174 years after the Founding Fathers first debated our fundamental American freedoms in New York and Philadelphia, Birmingham became the epicenter of the Civil Rights Movement in the 1960s. The struggle for equality is illustrated by places located throughout Birmingham, where civil rights activists organized, protested, and clashed with segregationists. Also visible throughout the city are African American institutions and businesses that knit together Birmingham’s black community and laid a critical foundation for the passage of the Civil Rights Act of 1964.
Your journey doesn’t have to end here. Martin Luther King, Jr. National Historical Park and Selma To Montgomery National Historic Trail are only a short drive away. There are also dozens of historical and cultural landmarks nationwide where you can walk in the footsteps of generations of civil rights leaders and reflect on the fight for civil rights.
Jonathan Hopwood submitted his story to the Share Your Story writing contest and shared experiences with his family who visited several locations to learn some "Difficult Truths" about civil rights history. You can read his story, and others like it, in the Share Your Story gallery.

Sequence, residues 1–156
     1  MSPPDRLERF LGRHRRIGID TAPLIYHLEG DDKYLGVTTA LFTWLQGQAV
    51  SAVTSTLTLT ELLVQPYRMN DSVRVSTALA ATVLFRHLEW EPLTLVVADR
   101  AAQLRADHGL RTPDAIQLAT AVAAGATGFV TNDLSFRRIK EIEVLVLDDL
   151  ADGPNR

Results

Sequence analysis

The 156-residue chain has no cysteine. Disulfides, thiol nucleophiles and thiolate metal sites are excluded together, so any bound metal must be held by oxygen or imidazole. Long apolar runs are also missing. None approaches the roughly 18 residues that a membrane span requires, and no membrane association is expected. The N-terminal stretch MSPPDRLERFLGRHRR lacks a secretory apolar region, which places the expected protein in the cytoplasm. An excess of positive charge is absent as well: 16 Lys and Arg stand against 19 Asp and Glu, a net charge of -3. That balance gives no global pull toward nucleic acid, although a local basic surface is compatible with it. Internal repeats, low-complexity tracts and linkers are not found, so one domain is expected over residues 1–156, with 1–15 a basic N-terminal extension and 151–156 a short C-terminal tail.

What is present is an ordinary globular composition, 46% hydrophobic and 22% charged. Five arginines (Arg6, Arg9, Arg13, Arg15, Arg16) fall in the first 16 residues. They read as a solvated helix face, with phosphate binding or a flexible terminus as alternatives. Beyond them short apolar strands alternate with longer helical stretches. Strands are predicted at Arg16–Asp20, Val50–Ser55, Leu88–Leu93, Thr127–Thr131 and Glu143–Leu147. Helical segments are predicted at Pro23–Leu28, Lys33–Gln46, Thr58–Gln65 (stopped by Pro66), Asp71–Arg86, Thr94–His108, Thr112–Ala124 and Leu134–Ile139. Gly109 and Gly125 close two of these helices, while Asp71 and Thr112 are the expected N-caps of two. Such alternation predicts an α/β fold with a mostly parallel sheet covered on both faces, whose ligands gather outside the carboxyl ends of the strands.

Pearl Harbor National Memorial (National Park Service)
There are a lot of things that could make a summer trip to Hawaii memorable, but Pearl Harbor National Memorial should be at the top of your list. Through museum galleries, audio and guided tours, videos, and interpretive exhibits, you are invited to personally engage with this moment in history and ponder the values of honor, valor, truth, and reconciliation. Reserve your ticket today and be sure to check out the nearby independent historical sites to maximize your trip back in time to World War II in the Pacific.
New York, NY
Statue of Liberty National Monument (Scott McBride, Share the Experience)
Did you know? "The Statue of Liberty Enlightening the World" was a gift of friendship from the people of France to the United States and is recognized as a universal symbol of freedom and democracy. Today, you can marvel her enduring legacy from the shores of New York and New Jersey, or through various immersive experiences on Liberty and Ellis Islands.
In this Share Your Story submission, Rudi Pameijer reflects on coming to America as a child with their family: “I remember very distinctly as if it was yesterday seeing the vast waters of New York and its harbor anchored by the most beautiful sight in the world, the most famous and iconic Statue of Liberty! Feeling goosebumps and the excitement of starting a new life for our family.”
While you are soaking in the sights and sounds of the New York harbor, we hope you get the chance to reflect on what freedom, friendship, and hope mean to you.
Golden Spike National Historical Park (Diantha Williamson, Share the Experience)